Recognizing the signs is one of the best ways you can prevent drug misuse. Be sure you know what to look for and how to help.
Substance use disorder does not discriminate. It affects people of all ages, races, and socioeconomic backgrounds. Don’t make the mistake of thinking that it cannot happen to you or your loved ones.
In 2020, an estimated 40.3 million Americans age 12 and up had a substance use disorder, according to the National Survey on Drug Use and Health. Some substances, including painkillers, tranquilizers, stimulants, and sedatives have a higher chance of causing physical dependence and addiction, where the person may seek the drug out despite harmful consequences.
One of the keys to prevention is recognizing the signs of potential substance use disorder. If you can catch the signs before it begins, you may be able to prevent some of its negative effects. Signs of substance use disorder include:
- Disinterest in activities
- Taking more medication than prescribed
- Mood swings
- Changes in sleep patterns
- Repeatedly “losing” prescriptions
- Noticing your prescriptions go missing
- Seeing multiple doctors (“doctor shopping”)
- Sudden, unexplained drop in grades
Stimulant misuse can have additional side effects such as reduced appetite, an agitated or excitable appearance, and trouble sleeping.
Identifying Opioid Misuse
Opioids are a category of drugs that include strong prescription pain relivers, like oxycodone or hydrocodone, as well as illegal substances such as heroin and fentanyl. These substances are highly addictive and are the most frequently misused drug when taken outside of their intended purpose.
Repeated use of opioids rapidly leads to tolerance — which causes the person to need to use more and more to get the same effect — and withdrawal — where the person needs the drug to feel “normal” and not physically sick.
The dangers of harmful opioid use are great, including overdose and death. From April 2020 to April 2021, in the throes of the pandemic, provisional data reports over 100,000 people died from a drug overdose in the United States, and more than 75% of those deaths involved opioids, according to CDC. The COVID-19 pandemic accelerated the fatal misuse of opioids, where the US saw an 18% increase in deaths by overdose in 2020.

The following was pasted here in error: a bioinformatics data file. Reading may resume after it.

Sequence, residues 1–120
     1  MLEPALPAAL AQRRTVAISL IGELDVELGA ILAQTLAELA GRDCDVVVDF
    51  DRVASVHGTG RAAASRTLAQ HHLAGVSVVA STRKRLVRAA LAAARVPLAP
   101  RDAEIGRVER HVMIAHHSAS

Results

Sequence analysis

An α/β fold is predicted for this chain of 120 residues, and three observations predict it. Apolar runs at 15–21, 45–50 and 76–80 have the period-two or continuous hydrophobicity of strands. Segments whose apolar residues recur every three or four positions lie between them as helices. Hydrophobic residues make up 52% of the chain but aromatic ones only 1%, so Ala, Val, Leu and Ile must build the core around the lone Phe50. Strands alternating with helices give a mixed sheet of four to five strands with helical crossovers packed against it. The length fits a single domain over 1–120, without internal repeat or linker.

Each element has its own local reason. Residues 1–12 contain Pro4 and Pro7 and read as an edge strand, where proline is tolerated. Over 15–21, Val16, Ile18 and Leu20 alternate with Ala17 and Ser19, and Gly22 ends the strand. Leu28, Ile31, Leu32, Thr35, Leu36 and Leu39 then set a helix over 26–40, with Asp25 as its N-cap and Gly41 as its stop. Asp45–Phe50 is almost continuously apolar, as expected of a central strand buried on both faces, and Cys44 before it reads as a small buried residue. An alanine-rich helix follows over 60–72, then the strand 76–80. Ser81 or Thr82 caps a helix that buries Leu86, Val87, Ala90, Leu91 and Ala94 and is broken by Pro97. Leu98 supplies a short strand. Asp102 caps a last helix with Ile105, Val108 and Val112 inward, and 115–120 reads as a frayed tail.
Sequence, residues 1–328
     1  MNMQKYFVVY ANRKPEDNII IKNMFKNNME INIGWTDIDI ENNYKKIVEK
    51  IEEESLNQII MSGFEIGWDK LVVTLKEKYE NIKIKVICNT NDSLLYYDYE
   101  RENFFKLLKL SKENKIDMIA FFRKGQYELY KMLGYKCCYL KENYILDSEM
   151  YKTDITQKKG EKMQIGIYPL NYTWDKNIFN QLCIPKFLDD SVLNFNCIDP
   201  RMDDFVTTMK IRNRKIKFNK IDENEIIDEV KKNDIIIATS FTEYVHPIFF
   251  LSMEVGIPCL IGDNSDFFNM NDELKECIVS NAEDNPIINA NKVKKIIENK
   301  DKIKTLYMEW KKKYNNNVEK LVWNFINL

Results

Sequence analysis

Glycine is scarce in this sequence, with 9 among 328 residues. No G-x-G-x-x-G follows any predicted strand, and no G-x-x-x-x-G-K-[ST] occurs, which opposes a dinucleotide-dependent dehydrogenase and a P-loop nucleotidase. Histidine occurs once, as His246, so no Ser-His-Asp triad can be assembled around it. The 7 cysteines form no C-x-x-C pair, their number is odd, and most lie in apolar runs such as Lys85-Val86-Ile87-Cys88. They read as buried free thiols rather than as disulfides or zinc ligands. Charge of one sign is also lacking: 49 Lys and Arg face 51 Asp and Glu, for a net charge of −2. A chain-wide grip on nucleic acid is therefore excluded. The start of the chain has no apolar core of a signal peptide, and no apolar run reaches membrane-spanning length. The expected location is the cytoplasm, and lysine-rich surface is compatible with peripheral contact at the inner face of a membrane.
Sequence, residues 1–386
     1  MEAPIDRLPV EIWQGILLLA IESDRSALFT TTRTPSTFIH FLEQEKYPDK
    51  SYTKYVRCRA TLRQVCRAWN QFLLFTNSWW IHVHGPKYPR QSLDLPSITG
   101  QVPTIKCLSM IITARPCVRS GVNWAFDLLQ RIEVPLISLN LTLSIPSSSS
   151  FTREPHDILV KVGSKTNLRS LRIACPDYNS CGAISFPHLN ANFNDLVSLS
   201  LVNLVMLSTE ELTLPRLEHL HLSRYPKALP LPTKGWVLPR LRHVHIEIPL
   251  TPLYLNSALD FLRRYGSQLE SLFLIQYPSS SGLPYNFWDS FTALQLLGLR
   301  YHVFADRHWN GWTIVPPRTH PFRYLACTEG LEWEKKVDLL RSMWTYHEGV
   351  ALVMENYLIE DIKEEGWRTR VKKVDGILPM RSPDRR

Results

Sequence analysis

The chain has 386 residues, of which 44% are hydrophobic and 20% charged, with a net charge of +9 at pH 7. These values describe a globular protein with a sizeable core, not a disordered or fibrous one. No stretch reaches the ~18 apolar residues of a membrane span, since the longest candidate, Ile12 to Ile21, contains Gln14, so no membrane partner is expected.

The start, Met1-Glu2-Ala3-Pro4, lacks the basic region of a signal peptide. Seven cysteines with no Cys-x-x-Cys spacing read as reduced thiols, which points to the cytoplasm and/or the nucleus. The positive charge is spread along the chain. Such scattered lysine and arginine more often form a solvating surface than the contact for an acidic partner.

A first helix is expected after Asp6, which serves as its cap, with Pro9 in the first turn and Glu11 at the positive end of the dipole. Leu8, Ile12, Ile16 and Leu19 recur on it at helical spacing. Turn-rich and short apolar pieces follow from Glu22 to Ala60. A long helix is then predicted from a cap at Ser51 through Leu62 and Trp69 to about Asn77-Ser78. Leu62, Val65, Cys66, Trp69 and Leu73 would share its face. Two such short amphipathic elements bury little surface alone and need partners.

In 2017, President Trump declared the opioid crisis a public health emergency, reinforcing the fact that addiction is a medical issue that impacts the entire nation. The current Biden administration furthered these efforts of awareness and prevention by increasing access to opioid overdose rescue prescriptions.
Recognizing signs and equipping yourself to take action can save lives, as 40% of overdoses occur when someone else is present.
Signs of Opioid Misuse or Dependence:
- Poor coordination and confusion
- Extreme drowsiness (“nodding out”)
Administering Rescue Drugs
Naloxone is a life-saving medication that can counteract the effects of an overdose from opioids, including heroin, fentanyl, and prescription opioids. Naloxone is easy to administer via nasal spray or injection, and can be purchased with or without a prescription depending on your location. Naloxone will not harm someone if they are overdosing on drugs other than opioids or if they are not overdosing at all.
If you or someone you know is suffering from opioid use disorder:
- Talk to your doctor about co-prescribing naloxone along with the prescription opioid.
- Ask your pharmacist if a prescription is required to purchase naloxone.
- Learn how to administer naloxone in case of an emergency.
- Store the medication safely at home away from children, but easily accessible in case of a crisis.
Other Ways to Prevent Misuse and Overdose
Preventing harmful prescription use in part involves physicians making judicious and informed decisions when prescribing opioids or other drugs that may cause dependence. Other things to keep in mind:
- Make sure you keep all medication in the home secured and dispose of old prescriptions properly.
- Your prescribers and pharmacists have access to Prescription Drug Monitoring Programs to help them identify patients who are visiting multiple pharmacies for medications and to prevent drug diversion. This tool may help healthcare professionals recognize signs of substance use disorder more quickly and can potentially aid in the conversation about getting treatment.
How to Get Help
- Find a doctor that is board certified in Addiction Medicine by searching this tool.
- Locate a treatment center and other resources on the Substance Abuse and Mental Health Services Administration (SAMHSA) website.
- Review resources from the Partnership for Drug-Free Kids that help parents understand substance use disorder and treatment.
- Attend a free support meeting through the SMART Recovery network.
- Contact groups, such as Alcoholics Anonymous, Narcotics Anonymous, Al-Anon, and Nar-Anon, that provide support for alcoholics, addicts, and their families.
In Case of Emergency
Call 911 or Poison Control at 800/222-1222.